Does the practice of law itself then justify claims to ethical status? Couched in terms of my definition of “ethical conduct” above, what is it about the practice of law that encourages lawyers to be honest and unselfish? The prevailing business approach to the practice of law, for instance, for many appears to foster selfish conduct rather than diminish it. And it is reasonable to assume that younger lawyers will not infrequently draw their ethical legal practice compass from senior lawyers with whom they work, which in turn can sustain a claim to ethical status just as much as it can undermine it.

This may explain professional bodies’ prescription of ethics training as part of mandatory continuing legal education. Most agree, though, that instruction in ethics – whether at law school or at a time thereafter – cannot make a dishonest person honest, or a selfish person unselfish; what it can achieve is to address the details that constitute honesty and unselfishness in legal practice.[1]

It is perhaps through professional disciplinary proceedings that issues of honesty and unselfishness become subject to the closest scrutiny. What determinations from these proceedings generally reveal is that the most serious disciplinary sanctions are reserved for dishonest and selfish behaviour.

For instance, the misuse of trust money and the making of knowingly false statements almost guarantee striking off, or at least suspension for a lengthy period.[2] Placing one’s own interests (especially financial interests) ahead of those of the client clearly evidences selfishness and lack of self-restraint, as does proven gross overcharging,[3] and so these forms of behaviour generate a weighty disciplinary response.[4]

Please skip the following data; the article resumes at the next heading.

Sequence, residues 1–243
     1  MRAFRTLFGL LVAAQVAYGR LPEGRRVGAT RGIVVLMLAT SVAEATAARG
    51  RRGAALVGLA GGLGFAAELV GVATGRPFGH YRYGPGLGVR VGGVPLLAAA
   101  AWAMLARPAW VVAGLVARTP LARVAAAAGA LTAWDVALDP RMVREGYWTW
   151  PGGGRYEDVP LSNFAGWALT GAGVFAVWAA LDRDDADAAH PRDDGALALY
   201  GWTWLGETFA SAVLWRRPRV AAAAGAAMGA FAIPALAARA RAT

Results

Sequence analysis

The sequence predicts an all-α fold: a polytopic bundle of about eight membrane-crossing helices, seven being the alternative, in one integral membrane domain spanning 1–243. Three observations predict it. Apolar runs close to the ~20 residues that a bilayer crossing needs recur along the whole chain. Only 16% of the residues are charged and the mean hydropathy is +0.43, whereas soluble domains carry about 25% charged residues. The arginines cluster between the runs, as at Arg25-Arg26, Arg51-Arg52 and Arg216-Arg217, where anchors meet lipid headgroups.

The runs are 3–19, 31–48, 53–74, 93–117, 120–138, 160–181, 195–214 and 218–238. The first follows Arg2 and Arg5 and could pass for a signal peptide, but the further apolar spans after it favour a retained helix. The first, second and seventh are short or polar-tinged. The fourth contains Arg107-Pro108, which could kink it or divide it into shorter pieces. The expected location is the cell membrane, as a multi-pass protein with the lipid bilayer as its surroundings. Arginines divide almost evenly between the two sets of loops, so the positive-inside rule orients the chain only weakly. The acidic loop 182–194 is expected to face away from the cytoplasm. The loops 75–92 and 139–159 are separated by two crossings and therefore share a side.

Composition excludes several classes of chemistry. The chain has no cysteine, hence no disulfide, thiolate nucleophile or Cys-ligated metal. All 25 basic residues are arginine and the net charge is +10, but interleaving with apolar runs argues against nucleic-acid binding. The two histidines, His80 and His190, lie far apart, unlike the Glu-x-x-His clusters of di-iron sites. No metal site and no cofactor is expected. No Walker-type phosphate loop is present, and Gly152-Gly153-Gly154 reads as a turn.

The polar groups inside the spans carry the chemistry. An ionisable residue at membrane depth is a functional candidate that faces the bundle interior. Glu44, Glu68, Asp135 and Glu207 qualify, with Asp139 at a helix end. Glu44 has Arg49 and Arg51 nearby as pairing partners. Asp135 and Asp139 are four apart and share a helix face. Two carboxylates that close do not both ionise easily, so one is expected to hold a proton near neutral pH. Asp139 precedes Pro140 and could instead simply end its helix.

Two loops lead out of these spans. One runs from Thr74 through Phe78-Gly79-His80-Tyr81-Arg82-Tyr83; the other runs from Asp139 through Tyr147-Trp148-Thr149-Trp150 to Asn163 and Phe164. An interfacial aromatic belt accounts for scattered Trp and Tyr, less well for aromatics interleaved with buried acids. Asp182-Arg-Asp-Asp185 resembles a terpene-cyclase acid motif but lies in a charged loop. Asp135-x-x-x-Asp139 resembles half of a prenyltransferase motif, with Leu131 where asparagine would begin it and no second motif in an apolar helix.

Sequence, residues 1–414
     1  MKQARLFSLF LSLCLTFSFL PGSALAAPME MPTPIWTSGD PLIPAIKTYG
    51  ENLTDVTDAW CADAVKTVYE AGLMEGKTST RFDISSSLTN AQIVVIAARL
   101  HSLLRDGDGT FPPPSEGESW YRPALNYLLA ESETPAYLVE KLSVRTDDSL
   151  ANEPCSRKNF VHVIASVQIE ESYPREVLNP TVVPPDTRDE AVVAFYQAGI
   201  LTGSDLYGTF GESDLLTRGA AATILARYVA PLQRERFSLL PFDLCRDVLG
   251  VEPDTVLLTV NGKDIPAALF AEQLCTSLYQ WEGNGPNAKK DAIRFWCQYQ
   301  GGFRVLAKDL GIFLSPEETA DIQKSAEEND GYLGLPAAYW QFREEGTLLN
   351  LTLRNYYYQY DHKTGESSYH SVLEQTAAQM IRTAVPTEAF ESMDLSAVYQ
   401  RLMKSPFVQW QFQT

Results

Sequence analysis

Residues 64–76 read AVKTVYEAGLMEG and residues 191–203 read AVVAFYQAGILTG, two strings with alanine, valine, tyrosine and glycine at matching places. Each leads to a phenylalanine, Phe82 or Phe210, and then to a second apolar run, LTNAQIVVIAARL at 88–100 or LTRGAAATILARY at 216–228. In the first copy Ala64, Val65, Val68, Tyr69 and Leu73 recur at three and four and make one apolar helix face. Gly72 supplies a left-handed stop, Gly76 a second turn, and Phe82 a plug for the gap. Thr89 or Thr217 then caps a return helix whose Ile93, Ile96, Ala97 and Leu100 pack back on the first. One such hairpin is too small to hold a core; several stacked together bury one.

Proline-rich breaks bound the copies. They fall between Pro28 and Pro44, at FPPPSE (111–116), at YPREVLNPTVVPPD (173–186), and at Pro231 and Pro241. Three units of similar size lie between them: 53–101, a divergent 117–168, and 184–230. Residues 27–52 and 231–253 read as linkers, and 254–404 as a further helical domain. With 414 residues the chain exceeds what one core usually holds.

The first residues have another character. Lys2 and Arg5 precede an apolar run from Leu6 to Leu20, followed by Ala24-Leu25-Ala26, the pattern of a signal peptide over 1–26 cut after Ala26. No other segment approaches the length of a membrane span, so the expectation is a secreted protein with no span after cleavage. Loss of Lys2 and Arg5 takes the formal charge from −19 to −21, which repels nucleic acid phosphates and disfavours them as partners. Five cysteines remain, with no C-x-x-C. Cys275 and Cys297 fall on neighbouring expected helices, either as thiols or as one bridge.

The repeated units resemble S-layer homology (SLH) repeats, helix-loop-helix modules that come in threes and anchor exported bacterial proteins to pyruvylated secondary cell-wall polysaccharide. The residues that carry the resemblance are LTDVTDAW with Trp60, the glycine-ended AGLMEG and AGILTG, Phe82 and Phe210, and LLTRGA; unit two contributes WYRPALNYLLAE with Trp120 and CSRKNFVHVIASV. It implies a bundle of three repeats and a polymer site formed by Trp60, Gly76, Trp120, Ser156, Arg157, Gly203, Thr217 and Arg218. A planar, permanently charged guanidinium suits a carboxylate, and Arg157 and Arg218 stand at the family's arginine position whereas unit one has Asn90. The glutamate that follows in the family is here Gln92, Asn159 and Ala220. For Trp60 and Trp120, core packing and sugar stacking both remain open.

It follows that ethical standards are maintained chiefly through evidence of their breach. As such, the profession’s main basis for a claim to high standards of ethical behaviour is arguably grounded in its response to proven unethical behaviour. Yet, again, it cannot be blithely assumed that those ethical standards are more stringent than those applied in disciplinary proceedings involving other professions or occupations.

Perhaps it is time to make the difficult (and troubling) concession that lawyers may not necessarily be “more” ethical than other occupational groups or callings, and that a perceived ethical superiority arising out of the “high calling” to the law has little evidence to support it.

Paradoxically, it may be that an admission of no inherent ethical superiority may itself serve to improve public perception of lawyers’ ethics.


GINO DAL PONT is Professor, Faculty of Law, University of Tasmania.


[1] S Gillers, “Getting personal” (1995) 58 Law and Contemporary Problems 61 at p62.

[2] See, for example, Re a Practitioner (1982) 30 SASR 27 (misuse of trust money); Attorney-General v Bax [1999] 2 Qd R 9 (false statement).

[3] See, for example, New South Wales Bar Association v Amor-Smith [2003] NSWADT 239.

[4] See, for example, Law Society of New South Wales v Harvey [1976] 2 NSWLR 154.